We see a similar truth today.  We can’t rely on secular or governmental efforts to inaugurate God’s rule and reign in our time.  The United States is not the kingdom of God, no matter how much we love our country, no matter who our elected leaders may be.  The message of Advent is this: that God’s king has already come and will come again, inaugurating a new kind of kingdom, a peaceable kingdom; a new kind of community, God’s beloved community.  The world around us will not follow him, and we have the Cross to prove it.  But this ideal king asks each one of us to choose to follow him instead.  And when we do, we bring to light the true kingdom that stands in contrast to the world – and we can invite others to join us in its light.
How?  It starts with our repentance, our turning in a new direction, which is why John the Baptist and Jesus both begin their ministries with that startling call: “Repent, for the kingdom of heaven has come near!” (Matthew 3:1; 4:17).  John is dressed in camel skins, and he survives in the desert on locusts and wild honey.  To us, that makes him sound crazy.  But to the people of John’s time, the crazy get-up said something else.  In the Old Testament, the prophet Elijah dressed like this (2 Kings 1:8), and the return of Elijah was the sign that God’s messiah, the anointed king, was about to make his appearance (Malachi 4:5).  So, the people, the regular folks, go out to the wilderness to see John, and confess their sins, and be baptized as a mark of turning their hearts in a new direction, getting ready for the king.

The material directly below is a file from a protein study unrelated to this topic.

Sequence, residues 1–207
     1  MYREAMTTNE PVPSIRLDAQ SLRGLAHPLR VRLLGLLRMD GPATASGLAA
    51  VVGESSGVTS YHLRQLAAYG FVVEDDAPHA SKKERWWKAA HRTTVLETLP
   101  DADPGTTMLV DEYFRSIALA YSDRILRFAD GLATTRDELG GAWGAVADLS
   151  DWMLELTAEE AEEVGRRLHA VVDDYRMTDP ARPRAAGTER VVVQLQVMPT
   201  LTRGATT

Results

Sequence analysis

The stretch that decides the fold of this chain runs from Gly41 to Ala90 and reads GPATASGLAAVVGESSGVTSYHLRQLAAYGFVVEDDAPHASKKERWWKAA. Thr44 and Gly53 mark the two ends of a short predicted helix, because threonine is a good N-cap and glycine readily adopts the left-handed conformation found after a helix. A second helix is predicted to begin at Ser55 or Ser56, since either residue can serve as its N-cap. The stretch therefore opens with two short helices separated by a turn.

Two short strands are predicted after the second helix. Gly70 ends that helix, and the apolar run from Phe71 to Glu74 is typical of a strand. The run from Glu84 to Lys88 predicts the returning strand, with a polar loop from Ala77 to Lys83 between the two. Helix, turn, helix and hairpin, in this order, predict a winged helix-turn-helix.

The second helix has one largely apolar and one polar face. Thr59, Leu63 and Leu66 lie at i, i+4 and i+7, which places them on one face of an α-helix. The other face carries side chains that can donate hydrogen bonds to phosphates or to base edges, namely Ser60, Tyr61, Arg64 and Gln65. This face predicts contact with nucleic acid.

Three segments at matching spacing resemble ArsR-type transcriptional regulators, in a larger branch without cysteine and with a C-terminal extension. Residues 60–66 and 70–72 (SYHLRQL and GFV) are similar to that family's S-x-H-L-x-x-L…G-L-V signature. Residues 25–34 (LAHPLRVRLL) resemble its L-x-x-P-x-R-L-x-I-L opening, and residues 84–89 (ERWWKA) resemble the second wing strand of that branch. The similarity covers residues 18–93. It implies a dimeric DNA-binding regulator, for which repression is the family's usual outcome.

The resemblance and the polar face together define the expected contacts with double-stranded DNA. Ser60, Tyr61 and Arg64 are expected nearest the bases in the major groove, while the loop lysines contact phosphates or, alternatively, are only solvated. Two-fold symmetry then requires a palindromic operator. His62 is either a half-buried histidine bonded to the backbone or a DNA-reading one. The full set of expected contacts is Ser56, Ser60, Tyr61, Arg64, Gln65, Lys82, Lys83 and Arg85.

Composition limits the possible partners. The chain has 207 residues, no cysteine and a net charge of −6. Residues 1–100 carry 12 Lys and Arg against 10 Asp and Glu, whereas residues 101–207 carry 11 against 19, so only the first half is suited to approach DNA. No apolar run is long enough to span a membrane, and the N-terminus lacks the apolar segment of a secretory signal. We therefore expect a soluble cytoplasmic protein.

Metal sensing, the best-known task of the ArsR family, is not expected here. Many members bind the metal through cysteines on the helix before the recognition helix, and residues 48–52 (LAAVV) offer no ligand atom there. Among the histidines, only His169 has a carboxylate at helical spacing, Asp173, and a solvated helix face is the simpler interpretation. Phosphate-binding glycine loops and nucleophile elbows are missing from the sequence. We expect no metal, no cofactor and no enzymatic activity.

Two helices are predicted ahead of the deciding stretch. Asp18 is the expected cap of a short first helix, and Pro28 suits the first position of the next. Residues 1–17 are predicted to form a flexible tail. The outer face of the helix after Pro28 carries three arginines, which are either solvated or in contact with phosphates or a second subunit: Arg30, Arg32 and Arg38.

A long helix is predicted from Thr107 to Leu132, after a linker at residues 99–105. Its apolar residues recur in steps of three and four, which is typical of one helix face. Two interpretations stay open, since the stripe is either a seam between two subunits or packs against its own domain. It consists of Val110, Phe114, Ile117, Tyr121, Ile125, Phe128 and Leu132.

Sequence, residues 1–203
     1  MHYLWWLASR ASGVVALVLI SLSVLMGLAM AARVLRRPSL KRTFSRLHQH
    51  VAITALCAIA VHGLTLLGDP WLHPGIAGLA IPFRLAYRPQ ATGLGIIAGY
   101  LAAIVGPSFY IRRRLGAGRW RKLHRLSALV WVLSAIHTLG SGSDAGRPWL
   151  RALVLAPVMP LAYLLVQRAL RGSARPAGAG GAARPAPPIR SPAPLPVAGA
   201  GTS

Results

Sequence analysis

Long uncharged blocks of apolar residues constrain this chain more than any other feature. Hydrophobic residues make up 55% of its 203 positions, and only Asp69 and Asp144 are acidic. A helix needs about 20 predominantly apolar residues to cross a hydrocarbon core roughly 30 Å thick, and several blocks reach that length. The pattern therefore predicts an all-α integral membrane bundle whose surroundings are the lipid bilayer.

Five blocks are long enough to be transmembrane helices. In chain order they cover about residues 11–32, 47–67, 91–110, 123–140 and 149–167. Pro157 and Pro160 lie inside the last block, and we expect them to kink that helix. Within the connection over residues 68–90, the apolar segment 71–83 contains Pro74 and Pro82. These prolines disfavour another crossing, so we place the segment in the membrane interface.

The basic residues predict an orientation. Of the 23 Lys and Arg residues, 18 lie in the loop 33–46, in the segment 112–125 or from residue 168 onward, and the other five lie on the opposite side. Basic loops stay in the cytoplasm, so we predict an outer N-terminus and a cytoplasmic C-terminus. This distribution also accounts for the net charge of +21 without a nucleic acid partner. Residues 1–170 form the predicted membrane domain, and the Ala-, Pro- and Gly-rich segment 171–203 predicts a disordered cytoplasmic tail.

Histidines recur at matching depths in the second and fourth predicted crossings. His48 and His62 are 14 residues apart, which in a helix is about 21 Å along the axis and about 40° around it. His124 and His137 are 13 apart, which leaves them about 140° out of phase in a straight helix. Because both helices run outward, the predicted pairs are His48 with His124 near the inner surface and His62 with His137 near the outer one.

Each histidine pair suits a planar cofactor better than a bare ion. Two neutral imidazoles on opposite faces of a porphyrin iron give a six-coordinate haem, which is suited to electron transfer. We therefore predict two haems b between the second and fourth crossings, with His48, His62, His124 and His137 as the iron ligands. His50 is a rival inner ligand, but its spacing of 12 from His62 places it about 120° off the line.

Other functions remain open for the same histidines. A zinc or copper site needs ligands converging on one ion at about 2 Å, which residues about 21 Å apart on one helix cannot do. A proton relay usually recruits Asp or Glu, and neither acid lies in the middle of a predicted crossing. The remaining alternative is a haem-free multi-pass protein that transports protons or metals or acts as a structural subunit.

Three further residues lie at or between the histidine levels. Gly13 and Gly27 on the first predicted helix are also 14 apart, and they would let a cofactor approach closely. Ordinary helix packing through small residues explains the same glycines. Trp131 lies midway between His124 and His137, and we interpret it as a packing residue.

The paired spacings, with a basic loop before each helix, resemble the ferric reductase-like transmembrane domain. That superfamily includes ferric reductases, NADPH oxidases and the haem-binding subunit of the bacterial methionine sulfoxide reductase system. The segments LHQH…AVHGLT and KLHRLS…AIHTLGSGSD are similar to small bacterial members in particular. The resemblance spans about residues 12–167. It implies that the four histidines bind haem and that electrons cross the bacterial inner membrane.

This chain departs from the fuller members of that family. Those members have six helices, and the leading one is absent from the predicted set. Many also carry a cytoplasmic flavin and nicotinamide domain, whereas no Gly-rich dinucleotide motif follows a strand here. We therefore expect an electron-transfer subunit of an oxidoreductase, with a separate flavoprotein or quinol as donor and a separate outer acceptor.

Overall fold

And that’s great, as far as John the Baptist is concerned.  But along with the regular folks, John sees the religious elites coming out for a piece of the repenting action.  The Pharisees and Sadducees were ones who set the rules, the burdens too great to bear for the peasants trying to follow the Law of Moses (Matthew 23:1-36).  Conveniently, those rules included practices that took resources from poor peasants and enriched the aristocratic religious leaders instead (Mark 12:38-40).  So John the Baptist stops them short:  “You brood of vipers!” he says to the religious elites.  “Who warned you to flee from the wrath to come?  Bear fruits worthy of repentance.” 
Bear fruits worthy of repentance.  It’s not enough to feel badly for the poor choices we make, says John the Baptist.  Guilt is not God’s bottom line.  Don’t come to the Jordan confessing your sinfulness unless you intend to do something about it.  The trees that don’t produce for the kingdom will be “cut down and thrown into the fire,” John says (3:10).  The one who baptizes with the Holy Spirit and with fire is coming soon.  “His winnowing fork is in his hand” to separate the wheat from the chaff, says John, and “the chaff he will burn with unquenchable fire” (3:12).